Swallowing poop is ok.
That’s the conclusion of a recent study assessing the effectiveness of fecal microbiota transplants (FMT) delivered in pill form, versus given by colonoscopy. It sounds a bit off-putting, but validating the safety and efficacy of fecal capsules could give patients with gut diseases a cheaper and less invasive option for treatment.
The study, published Tuesday in the Journal of the American Medical Association, took place in patients suffering from recurring Clostridium difficile infections, a bacterial infection that often takes hold in the gut after courses of antibiotics. Those drugs can wipe out normal gut bacteria, allowing harmful species like C. difficile to flourish. Symptoms include inflammation of the colon, cramping and severe ongoing diarrhea, and FMT aims to undo the damage by restoring the proper species of bacteria to the digestive system.
A fecal transplant is pretty much what it sounds like. Recipients take poop donated from someone else — containing a dose of healthy gut bacteria — and implant it into their own digestive systems. The goal is to reboot or replenish the colonies of microorganisms essential to digestive processes, kicking out harmful ones like C. difficile.
The usefulness of fecal transplants in treating C. difficile infections has been demonstrated in multiple previous studies, but most of those involved the use of colonoscopies or enemas to get the bacteria where they needed to go. That works, but it also involves swimming upstream, so to speak. Doses of bacteria inside a pill make their way to our digestive systems in a much more natural fashion.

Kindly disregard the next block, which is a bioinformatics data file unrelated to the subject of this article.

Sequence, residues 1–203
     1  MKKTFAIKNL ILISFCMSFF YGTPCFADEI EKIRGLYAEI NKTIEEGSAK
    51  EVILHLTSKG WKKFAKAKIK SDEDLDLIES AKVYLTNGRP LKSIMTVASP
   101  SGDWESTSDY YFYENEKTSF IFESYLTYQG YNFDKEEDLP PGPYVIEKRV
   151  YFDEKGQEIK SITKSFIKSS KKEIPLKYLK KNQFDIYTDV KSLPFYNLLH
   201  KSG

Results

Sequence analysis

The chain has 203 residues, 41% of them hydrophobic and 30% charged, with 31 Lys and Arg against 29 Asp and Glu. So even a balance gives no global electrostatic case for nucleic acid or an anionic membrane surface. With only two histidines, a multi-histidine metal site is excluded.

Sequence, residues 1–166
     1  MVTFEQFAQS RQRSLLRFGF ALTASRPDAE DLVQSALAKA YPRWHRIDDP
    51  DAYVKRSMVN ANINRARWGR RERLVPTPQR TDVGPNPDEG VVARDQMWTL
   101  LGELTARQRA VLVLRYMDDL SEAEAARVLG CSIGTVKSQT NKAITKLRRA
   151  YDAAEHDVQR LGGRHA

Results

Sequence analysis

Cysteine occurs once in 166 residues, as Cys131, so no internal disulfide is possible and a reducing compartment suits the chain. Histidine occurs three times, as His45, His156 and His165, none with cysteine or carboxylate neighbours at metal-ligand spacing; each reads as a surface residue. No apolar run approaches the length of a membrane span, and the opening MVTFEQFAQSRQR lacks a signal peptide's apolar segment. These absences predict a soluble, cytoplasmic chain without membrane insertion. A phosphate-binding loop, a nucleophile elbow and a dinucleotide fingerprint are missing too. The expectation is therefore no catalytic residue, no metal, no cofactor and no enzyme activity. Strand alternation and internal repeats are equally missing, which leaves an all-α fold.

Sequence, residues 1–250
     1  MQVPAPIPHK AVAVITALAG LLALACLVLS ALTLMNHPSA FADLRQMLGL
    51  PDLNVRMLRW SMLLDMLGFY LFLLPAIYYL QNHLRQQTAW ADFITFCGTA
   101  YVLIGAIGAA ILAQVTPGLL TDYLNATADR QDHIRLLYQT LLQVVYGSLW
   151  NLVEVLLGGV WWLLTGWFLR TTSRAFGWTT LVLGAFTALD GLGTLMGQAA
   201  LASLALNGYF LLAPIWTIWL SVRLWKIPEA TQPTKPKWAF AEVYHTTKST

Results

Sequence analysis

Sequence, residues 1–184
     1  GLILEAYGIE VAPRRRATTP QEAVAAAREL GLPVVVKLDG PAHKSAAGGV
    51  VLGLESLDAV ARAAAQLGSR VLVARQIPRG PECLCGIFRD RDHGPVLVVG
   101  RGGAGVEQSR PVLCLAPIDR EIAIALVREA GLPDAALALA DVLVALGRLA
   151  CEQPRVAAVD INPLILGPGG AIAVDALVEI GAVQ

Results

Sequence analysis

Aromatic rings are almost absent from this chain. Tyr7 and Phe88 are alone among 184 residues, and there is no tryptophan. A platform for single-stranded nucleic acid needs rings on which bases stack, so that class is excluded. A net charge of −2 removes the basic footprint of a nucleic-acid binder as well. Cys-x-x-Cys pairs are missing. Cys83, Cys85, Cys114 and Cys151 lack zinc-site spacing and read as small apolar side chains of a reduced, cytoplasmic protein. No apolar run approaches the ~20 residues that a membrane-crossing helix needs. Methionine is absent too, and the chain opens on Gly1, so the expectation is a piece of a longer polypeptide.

There’s been evidence that pills would accomplish the same thing as a colonoscopy, but reason for caution as well. Preliminary studies from OpenBiome, a non-profit organization that maintains a stool bank and which hopes to market fecal transplant pills, indicated that the pills worked. On the other hand, a study from Massachusetts-based Seres Therapeutics based on a version of the pill containing just bacterial spores failed to show any real benefit.
Here, researchers from the University of Alberta and the University of Calgary again tested patients suffering from recurrent C difficile infections. Of 116 subject, roughly half got FMT via colonoscopy and the rest took pills containing the same fecal mixture. After 12 weeks of observation, about 96 percent of patients in both groups had recovered from their infections. The pills didn’t affect the quality of the treatment at all, it seems. More patients receiving pills, however, rated their treatment as “not at all unpleasant,” a result that agrees with a 2012 study finding that most patients would choose a pill over other methods of FMT.
The only downside, as one patient noted, was the sheer number of pills. Participants had to down 40 within an hour, or one dose every minute and a half. Even if they tasted like Flintstone multivitamins, that’s a tall order. In reality, the pills actually don’t have any taste or flavor, which is probably best, all things considered. In addition, other studies of FMT pills have used fewer doses, so future treatments may not necessarily require quite so many pills.
As fecal transplants continue to show promise for treating harmful gut diseases, the concept of a poop-filled pill may begin to seem less icky and more routine. After all, we take probiotics to keep our guts happy and healthy. Why not go directly to the source?